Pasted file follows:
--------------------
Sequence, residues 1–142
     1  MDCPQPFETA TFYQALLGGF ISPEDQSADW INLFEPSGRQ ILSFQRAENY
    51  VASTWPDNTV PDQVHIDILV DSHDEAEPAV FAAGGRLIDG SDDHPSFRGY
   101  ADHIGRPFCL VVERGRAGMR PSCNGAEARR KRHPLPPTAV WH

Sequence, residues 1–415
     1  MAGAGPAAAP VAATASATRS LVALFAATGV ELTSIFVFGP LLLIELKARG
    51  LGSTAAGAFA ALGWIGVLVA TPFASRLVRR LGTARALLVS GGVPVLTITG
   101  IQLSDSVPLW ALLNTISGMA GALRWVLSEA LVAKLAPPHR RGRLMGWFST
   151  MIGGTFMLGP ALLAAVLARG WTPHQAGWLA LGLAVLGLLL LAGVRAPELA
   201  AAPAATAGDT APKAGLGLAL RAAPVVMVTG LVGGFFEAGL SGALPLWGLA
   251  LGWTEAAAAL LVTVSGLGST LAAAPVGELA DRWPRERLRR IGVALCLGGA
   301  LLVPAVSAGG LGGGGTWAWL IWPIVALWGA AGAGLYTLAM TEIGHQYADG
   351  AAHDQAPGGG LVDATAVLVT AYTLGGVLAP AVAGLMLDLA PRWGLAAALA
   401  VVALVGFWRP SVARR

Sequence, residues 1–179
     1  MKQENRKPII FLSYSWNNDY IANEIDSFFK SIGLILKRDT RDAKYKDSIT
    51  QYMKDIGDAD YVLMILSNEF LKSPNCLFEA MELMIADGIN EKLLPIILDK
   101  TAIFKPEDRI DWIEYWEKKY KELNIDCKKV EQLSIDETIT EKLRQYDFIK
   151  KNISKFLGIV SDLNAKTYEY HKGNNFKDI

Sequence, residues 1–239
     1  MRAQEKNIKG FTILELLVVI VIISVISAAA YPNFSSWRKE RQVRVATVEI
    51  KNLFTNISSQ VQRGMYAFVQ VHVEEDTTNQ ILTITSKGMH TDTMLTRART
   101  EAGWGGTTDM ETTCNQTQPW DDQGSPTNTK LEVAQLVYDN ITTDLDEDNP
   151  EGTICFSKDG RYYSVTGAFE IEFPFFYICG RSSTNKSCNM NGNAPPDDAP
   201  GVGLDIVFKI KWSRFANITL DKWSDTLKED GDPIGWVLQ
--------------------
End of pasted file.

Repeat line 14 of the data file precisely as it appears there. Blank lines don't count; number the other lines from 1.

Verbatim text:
   401  VVALVGFWRP SVARR